"Luxury Surf Trunk Founder Rescues Three Trunkless Men!"
Personal Account by Terry Simms
I was hired for a surf trip by a great friend and client from Greece, Dimitri. We went through the normal Pre-Op planning and surf forecasting. Santa Teresa, Costa Rica, was the strategic surf strike location, and the 8-bedroom, luxury Casa Capitan was the setting, sitting just 100-feet behind the high tide line, the infinity pool pouring over the edge, looking at waves through the pandanus trees.
On that fateful morning, I was alone, waiting for my clients to wake from their wine induced slumber. I walked past the royal palms and sat on the bamboo bench swing. I watched the waves – at first it looked clean and big but closed out, not so good. After 10 minutes of observing, though, I saw a really good wave, then another one a few minutes later. But then a giant set came in and washed over all the bobbing heads in the lineup, massive riptides erupting immediately after. I lost my stoke and went inside for another cup of Delicious Britt coffee.
But back to the yard I went, this time ready to surf, with my board, hat, rash guard, wax, and sunscreen. I had been there three days already, and each time I’d paddled out at Santa Teresa I was slammed by at least 5-10 waves in a row; but for some reason, this particular morning went flat as a pancake as I paddled out, and I made it outside the impact zone with dry hair (or, what’s left of my hair). Sitting up, I realized, ‘Wow, dry hair, great looking waves, sunny, warm, and I have my first solo session, free of clients, one hour of power!’
That moment lasted less than a minute before I heard screaming and yelling from far away. I scanned the outside, looking for something wrong. Maybe a fight, maybe someone stepped on a stingray, or got hit by a loose surfboard. I didn’t see anything and was about to catch my first, nice looking wave, … then I heard this faint yelling for help again, less volume and more distressful. Then I spotted three men a quarter-mile beyond the surf zone. The bobbing man who was closest was screaming for someone to save them.
At that moment, I was feeling something deep inside – part fear, part anger, part excitement. Without really thinking, I had to react. I scanned the lineup. Other surfers saw the men in trouble, but no one was moving, like they were stuck or something. I got mad, angry that it had to be me to make the first move. I yelled at the crowd of 30 or so surfers: “Come help, you kooks!!”
I put my head down and started paddle racing toward them. It took me a solid half-hour to reach the first guy. He was in a total panic, exhausted, and frantically trying to climb onto my 6’10” board. I looked behind and saw two other surfers following me, about 100 yards behind. I guess my angered words got to somebody. I stopped at the first bearded man and calmed him down; I told him he was going to be fine and that the guys behind me would help get him back to the beach. He begged me to stay and not leave him to drown. I told him I had to go help his friends further out. He we crying, so I waited for the first surfer to arrive.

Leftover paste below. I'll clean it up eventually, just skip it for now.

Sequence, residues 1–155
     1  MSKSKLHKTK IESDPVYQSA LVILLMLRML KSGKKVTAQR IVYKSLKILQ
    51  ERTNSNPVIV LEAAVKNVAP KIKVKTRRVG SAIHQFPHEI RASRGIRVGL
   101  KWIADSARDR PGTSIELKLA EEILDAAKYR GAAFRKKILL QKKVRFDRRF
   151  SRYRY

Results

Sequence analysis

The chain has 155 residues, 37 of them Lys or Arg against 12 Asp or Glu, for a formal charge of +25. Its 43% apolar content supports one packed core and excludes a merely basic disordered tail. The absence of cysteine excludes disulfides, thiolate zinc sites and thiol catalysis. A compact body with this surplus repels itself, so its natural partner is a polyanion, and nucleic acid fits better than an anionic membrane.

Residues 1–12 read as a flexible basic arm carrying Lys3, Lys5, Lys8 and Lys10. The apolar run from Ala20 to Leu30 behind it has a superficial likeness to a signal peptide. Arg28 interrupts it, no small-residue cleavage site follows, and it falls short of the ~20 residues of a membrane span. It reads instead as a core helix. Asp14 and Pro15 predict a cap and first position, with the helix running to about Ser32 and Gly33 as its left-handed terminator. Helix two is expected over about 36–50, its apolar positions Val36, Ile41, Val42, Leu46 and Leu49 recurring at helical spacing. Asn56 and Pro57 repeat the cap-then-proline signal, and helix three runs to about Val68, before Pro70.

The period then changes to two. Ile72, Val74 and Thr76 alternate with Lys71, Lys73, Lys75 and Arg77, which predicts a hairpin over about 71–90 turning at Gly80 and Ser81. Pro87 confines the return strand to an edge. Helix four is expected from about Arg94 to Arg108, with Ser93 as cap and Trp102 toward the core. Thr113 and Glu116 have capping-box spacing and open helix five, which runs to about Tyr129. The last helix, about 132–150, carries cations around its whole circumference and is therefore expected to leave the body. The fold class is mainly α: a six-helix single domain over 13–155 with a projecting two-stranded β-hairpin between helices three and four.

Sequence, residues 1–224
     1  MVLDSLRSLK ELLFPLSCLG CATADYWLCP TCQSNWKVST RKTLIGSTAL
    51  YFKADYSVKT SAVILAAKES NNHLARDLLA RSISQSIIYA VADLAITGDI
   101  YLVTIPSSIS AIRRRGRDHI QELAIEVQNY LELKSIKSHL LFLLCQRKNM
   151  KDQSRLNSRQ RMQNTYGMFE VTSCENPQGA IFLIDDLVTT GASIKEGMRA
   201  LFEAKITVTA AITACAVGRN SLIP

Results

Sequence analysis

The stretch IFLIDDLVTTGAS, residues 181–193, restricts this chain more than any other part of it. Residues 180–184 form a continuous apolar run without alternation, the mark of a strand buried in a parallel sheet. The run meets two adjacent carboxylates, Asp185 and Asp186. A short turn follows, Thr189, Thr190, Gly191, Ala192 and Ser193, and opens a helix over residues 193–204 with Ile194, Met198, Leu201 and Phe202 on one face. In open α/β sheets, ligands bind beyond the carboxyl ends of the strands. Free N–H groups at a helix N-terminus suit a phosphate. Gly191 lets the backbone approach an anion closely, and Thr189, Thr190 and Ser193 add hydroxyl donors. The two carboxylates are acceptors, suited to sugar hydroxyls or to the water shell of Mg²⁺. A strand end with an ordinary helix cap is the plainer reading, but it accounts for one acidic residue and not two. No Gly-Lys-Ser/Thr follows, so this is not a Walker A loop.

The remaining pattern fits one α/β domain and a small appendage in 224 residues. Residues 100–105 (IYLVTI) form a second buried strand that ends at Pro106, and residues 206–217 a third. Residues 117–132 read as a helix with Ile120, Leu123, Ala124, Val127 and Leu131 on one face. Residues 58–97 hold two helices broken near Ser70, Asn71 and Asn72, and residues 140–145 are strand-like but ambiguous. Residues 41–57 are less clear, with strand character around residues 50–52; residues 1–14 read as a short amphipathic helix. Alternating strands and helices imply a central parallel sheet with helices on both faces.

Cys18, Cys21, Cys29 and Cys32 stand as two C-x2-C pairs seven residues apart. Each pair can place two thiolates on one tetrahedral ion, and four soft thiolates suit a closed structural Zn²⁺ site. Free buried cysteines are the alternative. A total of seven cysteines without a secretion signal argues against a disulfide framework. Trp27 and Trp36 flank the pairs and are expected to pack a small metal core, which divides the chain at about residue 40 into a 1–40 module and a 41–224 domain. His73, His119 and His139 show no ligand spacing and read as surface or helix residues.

Getting to the second guy, he was better than the first guy but could barely keep afloat. I waited with him until the second surfer arrived. He smiled at me as I paddled another 200 yards out to help the third and final guy.
Again, the third guy was crying and about to drown. All three were about 30 years old. I jumped off my board, took him in my arms, and heaved his naked body onto my board. NAKED!!
“What the hell?!” I asked. He told me how he and his two friends just went for a swim in waist-deep water when this giant series of waves broke right on top of them. He perfectly described the closeout set I saw from the beach.
“But how did you lose your shorts?” He said all three had their trunks ripped right off them from being washed around by the 6-foot set they took on the head, or on their butts, if you will.
(Surely, these three were not wearing proper KADU boardshorts!)
He almost laughed when he recounted the story, but then he looked me straight in the eyes and asked about his friends. I showed him where they were and said they were going to be fine. Forty-five minutes of swimming behind his naked ass later, pushing him toward shore with everything I had just to get him out of the rip, then another 20 minutes of moving toward the safety of the sand, I was exhausted.
Another surfer came over and helped for the last 50 yards. A set came and I just pushed the naked man right into the jaws of a 6-foot pounding riptide wave full of chop and brown water. He managed to hold on through the drop and explosion of giant soup. He stood up, feet on the sand, naked as a jaybird, happy as one human could be. He saw his friends and ran over to them. Three naked men hugging on the beach looks fairly strange from afar, but I got it. The third hairy naked bearded man ran back over to me and tried to give me a big hug, but I turned sideways to avoid the hairy impact. He was grateful, with tears in his eyes, as he said “Thank You!!” a hundred times.
Now, after a month, I have decided to share this tale with you. I had so many mixed feelings that day – anger for missing a good freesurf session, exhilaration for saving these men, bitterness while scraping pubic hairs out of my surfboard wax, and thankfulness that everyone was alive. I now feel something indescribable, something that makes me proud to be Surfer, to be human, to be who I always wanted to be. What could be more meaningful than to help another person in need?
That was Easter Sunday, and what occurred is a blessing for me and for the three men. Again, every single event in our lives has meaning. Every day brings more chances to do something good and selfless. That is my goal…